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Shavuot

The Torah was a precious treasure that was hidden for 974 generations before the creation of the world. When Haqqadosh Barukh Hu (the Holy One Blessed Be He) decided to create the world, the Torah was its blueprint. It was then given to us on the understanding that we would keep every aspect of it. The existence of the Jewish religion and nation, as well as the freedom of its people,depends on it being dutifully and meticulously followed.

On Pesah we celebrate the Children of Israel’s deliverance from Egypt. But though they were delivered out of the house of bondage, they were as yet not a free nation.

It is written in the Torah “And the writing was that of G-d’s engraved (Haruth) upon the Tablets of Stone” (Exodus c32, v16). In Pirqei Aboth (Ethics of the Fathers) it is stated in connection with the above phrase: “Read not ‘engraved’ (Haruth) but ‘freedom’ (Heruth), for the only free man is one who occupies himself with the study of the Torah.”

In fact, the reason the Children of Irael merited to be delivered from Egypt was to receive the Torah at Mt. Sinai. At that time they would truly shake off the yoke of slavery and replace it with one of Torah thus becoming a truly free nation.

On Shabu’oth we celebrate the receiving of the Torah. In addition, it is also the Festival of the Reaping of the wheat and of the Gift-Offering.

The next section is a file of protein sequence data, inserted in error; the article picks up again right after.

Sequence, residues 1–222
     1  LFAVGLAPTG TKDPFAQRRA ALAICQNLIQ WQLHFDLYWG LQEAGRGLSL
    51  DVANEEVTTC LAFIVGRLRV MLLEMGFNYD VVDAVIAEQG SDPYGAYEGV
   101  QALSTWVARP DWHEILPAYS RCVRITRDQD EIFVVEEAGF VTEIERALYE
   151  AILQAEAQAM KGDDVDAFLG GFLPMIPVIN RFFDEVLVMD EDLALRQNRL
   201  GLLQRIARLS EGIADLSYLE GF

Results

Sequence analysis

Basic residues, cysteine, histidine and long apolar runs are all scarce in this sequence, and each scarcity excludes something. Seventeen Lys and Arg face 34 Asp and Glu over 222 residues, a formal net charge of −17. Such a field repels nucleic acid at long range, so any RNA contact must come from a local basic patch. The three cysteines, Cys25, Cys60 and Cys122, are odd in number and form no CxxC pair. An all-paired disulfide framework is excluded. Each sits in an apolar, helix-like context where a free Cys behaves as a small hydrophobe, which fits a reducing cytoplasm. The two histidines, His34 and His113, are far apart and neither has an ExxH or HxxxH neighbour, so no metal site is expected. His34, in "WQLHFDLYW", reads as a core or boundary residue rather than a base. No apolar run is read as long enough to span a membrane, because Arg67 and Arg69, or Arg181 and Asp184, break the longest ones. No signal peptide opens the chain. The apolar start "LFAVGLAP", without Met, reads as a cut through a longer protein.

Since we are commanded to count seven full weeks between the onset of Pesah and the arrival of Shabu’oth, Qiddush on the first night must be made after Layla Wadday (after the stars come out). The second night (for those who live outside the Land of Israel) does not require Layla Wadday and in some cases it is even preferable to start early. The Berakhah (blessing) of Sheheheyanu is recited on both nights.

After the Se’uddah (festive meal) the men stay up all night reading the prescibed Seder Hallimmud (order of learning) known as Hathimah. It includes portions from the entire Twenty Four Books of the Torah, Prophets and Writings (Tannakh), the 613 Miswoth, Midrash and Adra Rabba. No other studies should be substituted by Sephardeem and no Mishnah should be read on this night. Some Ashkenazi congregations have the custom to have lectures or other forms of study.

Immediately following the Seder Hallimmood, Shahrith (the morning prayer) should be prayed. Appropriately, the Torah reading on the first day includes the portion of the Ten Commandments. This is preceded by the singing of the Shbah (song of praise) Yom Yom Odeh (Every Day Will I Give Thanks).

It is written in the holy Sha’ar Hakkawwanoth, concerning the custom of Rabbenu the Ari, z”1, that after the Sefer Torah was brought out and shown he would return to his seat and remain seated till the end of the Parashah. Sepharadi have the same custom and remain seated for all Torah readings, including the Ten Commandments. The Ashkenazi custom is to stand for this portion.

Dairy foods are an essential part of the meal during the day on Shabu’oth. Many varieties are eaten by Sepharadim, including rice cooked with milk and cucumbers in Yogurt. Some of the reasons are as follows:

The numerical value of the Hebrew word for milk (Halab) is 40, which is compared to the 40 days and nights of the giving of the Torah. Another reason is that the source of milk is blood. But just as blood, which is red, becomes white when it turns into milk, so too the Torah has the power to turn sins into merits, as it says: “Eem Yihyu Hata-ekhem Kashaneem, Kashelegh Yalbeenu (If your sins are red, they will be made as white as snow)”.

Click Here for more of the Laws and Customs of Shavuot.

(Taken from the writings of Hakham Ya'aqob Menashe.)